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Flowhive not working well

couple of my flowhive had honey down both columns but wh
en went to harvest only very slow flow and not much honey came out. usually get 1.5 jars from each FH yet only received about 1/4 jar.
am i suppose to clean them each year?? as they have been on the hive for couple years… remove the QE beginning winter and replace in warmer weather

Hi @cottles

There are a couple of important initial things to check after your harvest was much less honey than you expect. This includes:

  1. was the frame full of capped honey before you harvested? The observation window view doesn’t offer absolute clarity on this unfortunately
  2. has the honey crystalised, preventing it from being able to flow?

Did you inspect the super afterwards to take a closer look for what may be happening?

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thanks bianca

i did not check regarding fully capped as previously when both columns almost full i get wonderful flow… my mistake

i will do an inspection and check it out…

thanks again


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A third possibility would be jellybush honey in the frame. That would always depend on the location, if bees have access to any Leptospermums (jellybush). This is where local knowledge comes in handy.

Hi Dennis, I take it from this that you have cold winters where you are, which might mean your bees have put some propolis up in your Flow frames. That’ll certainly gum up the works.

arvo… pulled frames out and about 90+% capped.
what do u mean by crystallised… how do i determine i have crystallised honey please

Honey left sitting a long time will naturally form sugar crystals that eventually multiply and cause the honey to have a paste-like texture, that will not run but stay stuck in wherever it sits (jars, cells of comb or Flow frames). It’ll re-liquefy with heat. To determine whether that’s your problem, just lift out your frames and gently dig some cell contents out with the tip of a knife, or a toothpick. If it’s crystallized honey, you’ll see that it’s opaque and sandy.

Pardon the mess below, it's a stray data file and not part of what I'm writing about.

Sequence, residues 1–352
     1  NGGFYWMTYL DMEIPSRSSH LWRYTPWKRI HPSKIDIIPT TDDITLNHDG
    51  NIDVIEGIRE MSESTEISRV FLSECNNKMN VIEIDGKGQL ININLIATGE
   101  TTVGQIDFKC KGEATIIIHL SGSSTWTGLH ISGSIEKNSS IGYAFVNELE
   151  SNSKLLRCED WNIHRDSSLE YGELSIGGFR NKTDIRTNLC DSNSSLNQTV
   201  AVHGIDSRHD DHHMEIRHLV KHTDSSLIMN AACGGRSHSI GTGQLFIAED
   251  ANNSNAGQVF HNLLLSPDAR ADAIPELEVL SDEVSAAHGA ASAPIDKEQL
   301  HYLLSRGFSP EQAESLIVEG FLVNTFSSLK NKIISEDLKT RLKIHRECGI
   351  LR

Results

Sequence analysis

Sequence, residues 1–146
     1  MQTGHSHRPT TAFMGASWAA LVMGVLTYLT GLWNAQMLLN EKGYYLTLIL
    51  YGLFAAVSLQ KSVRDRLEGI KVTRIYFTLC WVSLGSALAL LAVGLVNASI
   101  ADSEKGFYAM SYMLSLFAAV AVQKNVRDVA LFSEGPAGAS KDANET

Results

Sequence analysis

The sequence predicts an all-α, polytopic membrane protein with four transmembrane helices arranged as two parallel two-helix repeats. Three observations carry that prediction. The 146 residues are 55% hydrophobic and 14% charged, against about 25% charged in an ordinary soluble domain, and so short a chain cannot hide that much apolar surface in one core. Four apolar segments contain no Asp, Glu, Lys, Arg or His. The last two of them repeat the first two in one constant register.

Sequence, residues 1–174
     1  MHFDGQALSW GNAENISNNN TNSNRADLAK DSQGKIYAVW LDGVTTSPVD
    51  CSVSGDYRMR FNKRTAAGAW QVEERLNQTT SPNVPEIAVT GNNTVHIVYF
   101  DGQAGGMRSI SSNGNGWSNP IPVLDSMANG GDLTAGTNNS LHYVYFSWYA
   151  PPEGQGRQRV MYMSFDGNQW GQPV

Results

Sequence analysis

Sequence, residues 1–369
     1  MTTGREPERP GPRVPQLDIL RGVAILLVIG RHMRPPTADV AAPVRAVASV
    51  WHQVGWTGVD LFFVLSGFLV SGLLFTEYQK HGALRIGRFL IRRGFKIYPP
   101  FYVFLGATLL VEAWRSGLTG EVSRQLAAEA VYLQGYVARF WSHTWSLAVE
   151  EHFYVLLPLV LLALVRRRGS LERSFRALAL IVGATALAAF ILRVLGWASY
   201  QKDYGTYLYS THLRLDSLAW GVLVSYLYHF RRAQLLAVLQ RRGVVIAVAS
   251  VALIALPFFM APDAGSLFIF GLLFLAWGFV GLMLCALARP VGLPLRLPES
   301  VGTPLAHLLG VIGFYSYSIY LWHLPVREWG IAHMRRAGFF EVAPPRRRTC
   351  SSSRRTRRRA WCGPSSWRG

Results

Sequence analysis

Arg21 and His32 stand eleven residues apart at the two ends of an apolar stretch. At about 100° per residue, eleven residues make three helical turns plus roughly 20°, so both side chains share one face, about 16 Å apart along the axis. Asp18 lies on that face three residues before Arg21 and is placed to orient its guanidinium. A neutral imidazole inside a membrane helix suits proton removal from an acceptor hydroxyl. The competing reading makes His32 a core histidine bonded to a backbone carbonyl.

My middle frames in the super are about third full of honey, some capped and some not. I think we will be nearing the end of the nectar season soon. Is is possible to harvest a couple of frames if they haven’t been filled or fully capped or should I simply wait until next year? The hive seems very productive as the super is filled with bees each time I check. If I don’t harvest the honey will the bees consume it over the winter?

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This is your first colony, right? I’d say your Flow hive is working better than expected for your climate then :wink: It takes a lot of nectar and a strong workforce for the bees to even prepare the cells in such a large volume, so you lucked out with a good season and a strong population. Flow hives were designed based on beekeeping in a climate with year-round nectar available, so we folks with shorter seasons just need to make some adjustments.

In our cold winters it’s best to harvest it at the end of the season - capped or not. I’ve emptied my partly capped frames in August and found that a lot of it was shelf-stable (18% water or below) in spite of not being fully capped. Sometimes there’s enough capped/ripe honey to mix in and lower the total moisture content, and sometimes uncapped honey is just ripe anyway. If you do get a lot of unripe honey you can use it to feed back to the bees (freeze or keep it in the fridge), eat it yourself or make mead :grinning_face_with_smiling_eyes:

Leaving the Flow super on over a cold winter is a bad idea because it’s not designed for it. Bees will propolize open spaces, plus the freezing and thawing would stress the plastic over time. An even bigger problem is that the queen can get left behind when the cluster moves up to the stores because she can’t get thru the QX. And if you take off the QX to prevent that, she starts laying in your flow frames in late winter before you can put it back on :flushed:


I was going to say the same, flow super or otherwise, given your weather recently and the new colony, I’d say you’re doing better than most!

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Great information–thanks so much!! Yes, this is my first colony and the nuc I received was super productive–so much so that they swarmed the same day I added the super so I have had to restart, but the hive formed a new queen so all is good now with new brood in the cells and I am back to the numbers I had when they swarmed but I see enough empty cells for the queen to continue laying–at least I hope there are enough.


I have to say something whenever someone mentions for example: “I see enough empty cells for the queen to continue laying”.

People should understand the relationship between the queen & the rest of the colony. The colony, or the “hives mind” knows how many eggs it wants her to lay, so therefore the colony will prepare cells for her to lay in & they will feed her accordingly.

Remember that bees are working around the clock. It is no problem for bees to remove honey from brood frames before consuming or placing it somewhere else so they can prepare more cells for her to lay in.

You’ll see this relationship beautifully illustrated in the Youtube video “City of the Bees”. After watching & comprehending that video, you’ll come to realize that the empty cells you think are somewhere for the queen to lay may not necessarily be ready for her to lay in.